Study protocol. ECSSIT - Elective Caesarean Section Syntocinon Infusion Trial. A multi-centre randomised controlled trial of oxytocin (Syntocinon) 5 IU bolus and placebo infusion versus oxytocin 5 IU bolus and 40 IU infusion for the control of blood loss at elective caesarean section.

Hdl Handle:
http://hdl.handle.net/10147/208017
Title:
Study protocol. ECSSIT - Elective Caesarean Section Syntocinon Infusion Trial. A multi-centre randomised controlled trial of oxytocin (Syntocinon) 5 IU bolus and placebo infusion versus oxytocin 5 IU bolus and 40 IU infusion for the control of blood loss at elective caesarean section.
Authors:
Murphy, Deirdre J; Carey, Michael; Montgomery, Alan A; Sheehan, Sharon R
Affiliation:
Obstetrics & Gynaecology, Coombe Women and Infants University Hospital, Trinity, College Dublin, Dublin 8, Ireland. deirdre.j.murphy@tcd.ie
Citation:
BMC Pregnancy Childbirth. 2009 Aug 24;9:36.
Journal:
BMC pregnancy and childbirth
Issue Date:
1-Feb-2012
URI:
http://hdl.handle.net/10147/208017
DOI:
10.1186/1471-2393-9-36
PubMed ID:
19703279
Abstract:
BACKGROUND: Caesarean section is one of the most commonly performed major operations in women throughout the world. Rates are escalating, with studies from the United States of America, the United Kingdom, China and the Republic of Ireland reporting rates between 20% and 25%. Operative morbidity includes haemorrhage, anaemia, blood transfusion and in severe cases, maternal death. The value of routine oxytocics in the third stage of vaginal birth has been well established and it has been assumed that these benefits apply to caesarean delivery as well. A slow bolus dose of oxytocin is recommended following delivery of the baby at caesarean section. Some clinicians use an additional infusion of oxytocin for a further period following the procedure. Intravenous oxytocin has a very short half-life (4-10 minutes) therefore the potential advantage of an oxytocin infusion is that it maintains uterine contractility throughout the surgical procedure and immediate postpartum period, when most primary haemorrhages occur. The few trials to date addressing the optimal approach to preventing haemorrhage at caesarean section have been under-powered to evaluate clinically important outcomes. There has been no trial to date comparing the use of an intravenous slow bolus of oxytocin versus an oxytocin bolus and infusion. METHODS AND DESIGN: A multi-centre randomised controlled trial is proposed. The study will take place in five large maternity units in Ireland with collaboration between academics and clinicians in the disciplines of obstetrics and anaesthetics. It will involve 2000 women undergoing elective caesarean section after 36 weeks gestation. The main outcome measure will be major haemorrhage (blood loss >1000 ml). A study involving 2000 women will have 80% power to detect a 36% relative change in the risk of major haemorrhage with two-sided 5% alpha. DISCUSSION: It is both important and timely that we evaluate the optimal approach to the management of the third stage at elective caesarean section. Safe operative delivery is now a priority and a reality for many pregnant women. Obstetricians, obstetric anaesthetists, midwives and pregnant women need high quality evidence on which to base management approaches. The overall aim is to reduce maternal haemorrhagic morbidity and its attendant risks at elective caesarean section. TRIAL REGISTRATION: number: ISRCTN17813715.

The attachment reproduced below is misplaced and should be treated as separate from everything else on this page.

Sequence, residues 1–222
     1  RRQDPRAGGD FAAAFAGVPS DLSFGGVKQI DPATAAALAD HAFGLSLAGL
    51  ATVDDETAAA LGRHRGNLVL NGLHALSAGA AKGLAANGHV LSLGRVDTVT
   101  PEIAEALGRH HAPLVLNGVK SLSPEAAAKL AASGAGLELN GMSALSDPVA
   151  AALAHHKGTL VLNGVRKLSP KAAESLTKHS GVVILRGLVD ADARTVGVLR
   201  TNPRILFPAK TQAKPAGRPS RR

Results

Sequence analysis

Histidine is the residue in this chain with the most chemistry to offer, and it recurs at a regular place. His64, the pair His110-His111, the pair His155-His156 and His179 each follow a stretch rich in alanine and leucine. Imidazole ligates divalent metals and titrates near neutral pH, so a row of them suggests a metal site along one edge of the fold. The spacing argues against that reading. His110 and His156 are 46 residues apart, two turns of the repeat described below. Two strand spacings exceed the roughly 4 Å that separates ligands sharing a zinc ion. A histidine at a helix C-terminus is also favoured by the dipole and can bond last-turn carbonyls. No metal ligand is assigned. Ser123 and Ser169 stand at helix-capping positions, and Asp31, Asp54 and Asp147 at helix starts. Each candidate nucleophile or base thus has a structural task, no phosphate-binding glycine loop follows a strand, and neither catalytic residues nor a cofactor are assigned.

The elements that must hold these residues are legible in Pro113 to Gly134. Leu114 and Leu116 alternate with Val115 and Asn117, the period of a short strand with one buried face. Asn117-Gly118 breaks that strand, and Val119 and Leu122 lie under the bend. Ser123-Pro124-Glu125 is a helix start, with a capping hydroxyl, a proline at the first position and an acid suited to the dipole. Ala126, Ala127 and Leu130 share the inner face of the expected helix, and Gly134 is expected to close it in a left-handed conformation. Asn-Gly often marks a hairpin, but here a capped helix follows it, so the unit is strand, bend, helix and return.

Language:
eng
MeSH:
Adult; Anemia/etiology/prevention & control; Blood Loss, Surgical/*prevention & control; Cesarean Section/adverse effects/*methods; Clinical Protocols; Drug Administration Schedule; Feasibility Studies; Female; Humans; Oxytocics/*administration & dosage; Oxytocin/*administration & dosage; Patient Selection; Pilot Projects; Pregnancy; Research Design; Sample Size; Surgical Procedures, Elective/adverse effects/*methods; Time Management; Young Adult
ISSN:
1471-2393 (Electronic); 1471-2393 (Linking)

Full metadata record

DC FieldValue Language
dc.contributor.authorMurphy, Deirdre Jen_GB
dc.contributor.authorCarey, Michaelen_GB
dc.contributor.authorMontgomery, Alan Aen_GB
dc.contributor.authorSheehan, Sharon Ren_GB
dc.date.accessioned2012-02-01T10:57:48Z-